In Conversation: Edwin Heathcote, Authenticity

Authenticity in design

During a recent conversation for our latest Journal – The Guest Edit, our founder Robert Walsh (RW) and Edwin Heathcote (EH), the architect and design critic for the Financial Times, talked about the current trend of identikit looks in interior design and considered the need for greater authenticity. Additionally, they questioned how overseas manufacturing and supply has affected the UK and if making a change could allow greater scope for skilled workers to thrive for the benefits of British craftmanship. We hope you enjoy this blog and if you would like to read more from our In Conversation: Edwin Heathcote series, you can click here to view our latest Journal – The Guest Edit.

Identikit vs authenticity

RW: Do you think people are bored of the identikit stuff and anything that’s authentic, even if it’s not that good, is becoming far more attractive than things that are fake? You get a much better emotional response out of something that just feels real, true and honest.

EH: I do think that, but I think that developers and designers have become adept at creating faux authenticity. 

I wrote a book about 15 years ago called London Caffs which was written to affectionately capture the greasy spoon as they were fast disappearing. What is interesting is they have a kind of pattern to them. Featuring really basic Formica and stainless-steel fixtures with contemporary fittings from 1940’s to 1960’s. Those would have been the cheapest kind of materials available back then, but they have a patterner and everyone wanted to be them because they have a real feel. I saw one getting ripped apart recently and what they put in is worse.  It was a kind of faux Brooklyn look, it has no distinction, it looks like everything else. There are so few spaces with the patterner of time, that the ones that are left have an incredible charm.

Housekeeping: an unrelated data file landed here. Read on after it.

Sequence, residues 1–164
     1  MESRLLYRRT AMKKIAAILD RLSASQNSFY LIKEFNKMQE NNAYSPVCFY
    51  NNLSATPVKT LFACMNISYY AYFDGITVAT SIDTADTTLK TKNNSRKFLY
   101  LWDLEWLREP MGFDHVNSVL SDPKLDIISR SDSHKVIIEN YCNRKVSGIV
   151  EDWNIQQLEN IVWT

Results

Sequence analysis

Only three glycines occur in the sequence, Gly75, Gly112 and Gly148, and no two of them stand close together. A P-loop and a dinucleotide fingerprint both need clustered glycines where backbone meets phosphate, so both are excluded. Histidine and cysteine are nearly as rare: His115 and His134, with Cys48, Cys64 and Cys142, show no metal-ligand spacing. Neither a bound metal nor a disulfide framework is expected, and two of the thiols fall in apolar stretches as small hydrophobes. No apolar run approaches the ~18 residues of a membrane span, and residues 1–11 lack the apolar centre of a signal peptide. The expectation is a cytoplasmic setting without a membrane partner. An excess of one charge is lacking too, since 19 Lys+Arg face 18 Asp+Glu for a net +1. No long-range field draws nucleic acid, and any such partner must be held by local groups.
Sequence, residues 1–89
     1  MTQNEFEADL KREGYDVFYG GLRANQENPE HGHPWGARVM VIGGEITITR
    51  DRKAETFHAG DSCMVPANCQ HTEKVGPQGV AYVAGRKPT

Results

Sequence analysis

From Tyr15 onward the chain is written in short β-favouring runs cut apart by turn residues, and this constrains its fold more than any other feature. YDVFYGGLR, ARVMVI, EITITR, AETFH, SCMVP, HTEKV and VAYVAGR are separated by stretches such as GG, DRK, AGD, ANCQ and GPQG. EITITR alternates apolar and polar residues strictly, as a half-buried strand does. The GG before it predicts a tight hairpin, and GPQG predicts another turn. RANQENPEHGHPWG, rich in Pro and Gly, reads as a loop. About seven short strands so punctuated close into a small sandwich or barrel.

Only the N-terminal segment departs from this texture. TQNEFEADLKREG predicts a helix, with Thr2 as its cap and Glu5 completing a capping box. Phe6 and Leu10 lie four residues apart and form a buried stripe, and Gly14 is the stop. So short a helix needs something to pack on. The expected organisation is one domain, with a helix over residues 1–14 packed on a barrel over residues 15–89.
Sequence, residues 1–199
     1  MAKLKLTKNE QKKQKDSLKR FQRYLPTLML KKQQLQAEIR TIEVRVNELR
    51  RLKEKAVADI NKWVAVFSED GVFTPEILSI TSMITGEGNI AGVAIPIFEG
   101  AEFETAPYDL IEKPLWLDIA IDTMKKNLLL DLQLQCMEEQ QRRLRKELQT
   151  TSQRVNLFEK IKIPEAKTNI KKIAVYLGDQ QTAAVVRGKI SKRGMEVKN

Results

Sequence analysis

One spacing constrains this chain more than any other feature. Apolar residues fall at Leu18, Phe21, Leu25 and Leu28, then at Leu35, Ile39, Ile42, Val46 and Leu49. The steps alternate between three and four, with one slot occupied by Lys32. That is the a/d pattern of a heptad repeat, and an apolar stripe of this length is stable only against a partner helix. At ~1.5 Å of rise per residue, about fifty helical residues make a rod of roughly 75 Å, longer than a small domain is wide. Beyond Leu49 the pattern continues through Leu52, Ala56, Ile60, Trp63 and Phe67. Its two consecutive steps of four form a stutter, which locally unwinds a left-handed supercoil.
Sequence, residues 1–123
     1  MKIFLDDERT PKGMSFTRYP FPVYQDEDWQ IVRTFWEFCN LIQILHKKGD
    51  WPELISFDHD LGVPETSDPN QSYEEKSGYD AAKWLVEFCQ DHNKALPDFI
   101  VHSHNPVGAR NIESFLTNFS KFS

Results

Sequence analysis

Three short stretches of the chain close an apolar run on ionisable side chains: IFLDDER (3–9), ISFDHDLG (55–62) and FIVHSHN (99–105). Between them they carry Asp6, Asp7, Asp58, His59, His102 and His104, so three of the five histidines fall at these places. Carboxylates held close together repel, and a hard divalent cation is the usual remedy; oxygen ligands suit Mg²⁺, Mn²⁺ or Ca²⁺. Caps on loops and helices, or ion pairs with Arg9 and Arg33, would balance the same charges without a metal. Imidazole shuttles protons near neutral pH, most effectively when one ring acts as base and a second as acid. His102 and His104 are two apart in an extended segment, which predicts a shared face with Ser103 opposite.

Take some of the best restaurant spaces in London over the last 20 years; The Wolseley, Fischer’s or the Delaunay, they all kind of emulate the 1900 and they do it spectacularly well. Imagine then that a few of those places were actually allowed to survive, by now they would have been places of pilgrimage. I can barely think of a restaurant in London that looks as it did a hundred or even 30 years ago. Maybe Simpson of the Strand but that’s it.

RW: It seems as if we’ve already found a solution, but we need to revisit it. With the two different versions, one ages better with time and one looks great when it’s finished, but then it starts to wear.

Real authenticity is based on reclaiming 

RW: Talking about authenticity, last weekend I bought multiple pairs of handles for my house and I liked the idea of hunting down all the ironmongery I still need, wouldn’t that be fantastic?

EH: That would. Although some of those handles may need a bit of work, perhaps a locksmith to adapt them and that is quite a high skilled job. However, the demand for those skills would certainly be beneficial for broader society. If we could introduce a few of those skilled jobs, there would not only be a positive sustainability angle but it would also provide a job for a Craftsman or a tradesperson who perhaps didn’t have a job before.

Hand finishing Woodworks floors

EH: The sustainable approach is not always the more expensive approach either. I suppose part of the problem is the way the West has allowed their manufacturing industry to be exported to China which I think is something we need to look at much more carefully. Of course, we can’t compete with a Chinese door handle that’s coming in at £5 a pair. There’s no way you make that in Europe for that price. But imagine if you recycled a pair of 1920s or 50s door handles, a Craftsman would have to work on those. They would cost more per pair, but they would be a beautiful thing and add a different kind of value and pattern to a building.

RW: This discussion actually goes back to the previous conversation about res-use because if we hadn’t demolished many of our old buildings and factories, we’d still have somewhere to manufacture. But I agree, a change is needed to allow companies to bring manufacturing back to the UK, how or if that will be achieved is yet to be seen.